I just want to start this post by saying that this 28 kilometer trail race in Bray, Ireland was Dan’s idea. I was content to do an ordinary half marathon in a fun location and check it off the annual bucket list, but apparently that wasn’t enough of a challenge for us in 2019. Well, about two weeks out from completing the race and no longer massaging sore muscles, I can say conclusively that I am very happy we took on the challenge, but we learned some important lessons along the way.
A few months back when our search for a destination race was underway, Dan came across the first annual Wicklow County EcoTrail race. It was one of the only events that was in a new location, easily accessible, and actually fit into our busy fall schedule, so we decided to give it a try. Our four options for distance were 18, 28, 45, and 80 kilometers (around 11, 18, 28, and 50 miles, respectively). We must have been feeling pretty confident at the time because Dan talked me into the 28km course knowing this would be my longest distance yet and we would have an expedited training timeline for a trail run, which is undoubtedly more challenging than your average road race.
Upon our later than expected arrival at the Dublin airport on Friday, we were greeted by a customs/border agent who, when we told her the reason for our visit, clearly thought we were crazy. I was beginning to wonder if she was right during our almost one hour taxi ride in the chilly rain to Bray. Located just south of Dublin, Bray was our home base for the weekend because (A) hotels and Airbnbs are expensive in Dublin and (B) our race would start and end in Bray. We arrived at what we were told was our hotel around 12:30am when our taxi driver dropped us off outside the entrance to a large canopy tent. Within this tent, a massive party was underway. Skeptical at first, we only realized we were at the right place because a large sign out front read Wicklow County EcoTrail Race Headquarters.
We had made a reservation at this hotel because of its proximity to the race start (right out front), but later on when we learned it was the race headquarters, we figured that was an added bonus because race experience told us they would cater to the runners. We were all onboard for a post-race party at our hotel, but did NOT anticipate a pre-race party the night before. Exhausted and looking forward to resting before what was sure to be a tiring race, we were even more alarmed to discover upon getting settled into our room, that we could still just as easily hear the DJ. After cranking up the white noise “fan” app on Dan’s phone, we did eventually fall asleep and woke up in better moods when we saw that there were clear skies over Bray and no rain predicted until much later that day. We had no idea yet just how crucial that would be while quickly descending steep and rocky slopes.
We appreciated the benefit of having access to our warm hotel room until the last 15 minutes before the race, but when we did head to the start line along the beach promenade, our fellow participants had good energy, which was at least partially attributable to the Ireland vs. Japan rugby match that was underway and had drawn a mass of spectators at the outdoor bar of our hotel. We congregated briefly in the starting corral with the other couple hundred runners nervously anticipating the arrival of 11:30am and the start of 28 kilometers.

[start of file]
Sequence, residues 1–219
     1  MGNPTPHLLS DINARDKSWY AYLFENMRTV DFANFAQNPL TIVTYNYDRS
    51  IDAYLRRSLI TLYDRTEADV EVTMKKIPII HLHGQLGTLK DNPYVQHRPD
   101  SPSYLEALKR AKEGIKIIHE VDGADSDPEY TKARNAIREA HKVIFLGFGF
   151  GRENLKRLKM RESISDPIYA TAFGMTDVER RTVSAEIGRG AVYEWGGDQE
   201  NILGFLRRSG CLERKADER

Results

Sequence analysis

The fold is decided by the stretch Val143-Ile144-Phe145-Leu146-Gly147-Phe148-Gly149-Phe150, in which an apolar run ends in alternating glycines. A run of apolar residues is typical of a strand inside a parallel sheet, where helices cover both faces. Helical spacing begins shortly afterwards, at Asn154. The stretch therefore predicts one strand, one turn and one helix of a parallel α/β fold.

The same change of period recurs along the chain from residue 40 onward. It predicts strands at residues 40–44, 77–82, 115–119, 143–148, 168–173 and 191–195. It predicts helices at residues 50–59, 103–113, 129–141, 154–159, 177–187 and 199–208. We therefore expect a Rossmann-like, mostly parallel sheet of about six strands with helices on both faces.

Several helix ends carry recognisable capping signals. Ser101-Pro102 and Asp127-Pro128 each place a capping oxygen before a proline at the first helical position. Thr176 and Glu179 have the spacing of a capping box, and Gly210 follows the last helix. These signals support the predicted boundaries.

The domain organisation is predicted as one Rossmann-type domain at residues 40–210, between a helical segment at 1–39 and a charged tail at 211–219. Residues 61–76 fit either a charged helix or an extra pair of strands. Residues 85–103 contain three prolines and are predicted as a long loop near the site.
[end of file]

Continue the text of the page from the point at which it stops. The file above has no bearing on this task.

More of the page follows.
There are plenty of highs and lows experienced as you cover 28 kilometers, but to summarize, I thought I would share some of the collective lessons learned between Dan and me.
- Especially when it’s a “first annual trail race”, read all of the information made available by the race organizer to make sure you are aware of the terrain types. Had we done that, we would have realized that our road running shoes were probably not the best fit for a course where 75% of the route was NOT on tarred roads, but rather trails. When the FAQ’s specifically state that “regular road running shoes are not suitable”, take it seriously.
- When the instructions explicitly recommend that participants bring their own food, you really should pack your own food. Unless of course you enjoy hitting the wall and experiencing fatigue and cramping in the time between the last aid station and the finish… then by all means ignore this recommendation. We were smart enough to bring food with us to Bray, but not smart enough to carry it with us in our packs on race day – not a good decision.
- Gaining over 3.6k feet in elevation will likely require you to walk, not run, up some steep hills so it’s reasonable to expect that it will take you longer to finish the trail race than it would a road race. Ergo, refer to point #2 above about packing adequate fuel in anticipation of consuming more calories than you think you need.
- Don’t worry about the people passing you in the first part of the race. Run YOUR pace and you will enjoy the opportunity to pass these same people on the back-end. This is especially satisfying as you ascend the very steep Great Sugarloaf Mountain with a smile on your face and two thumbs up.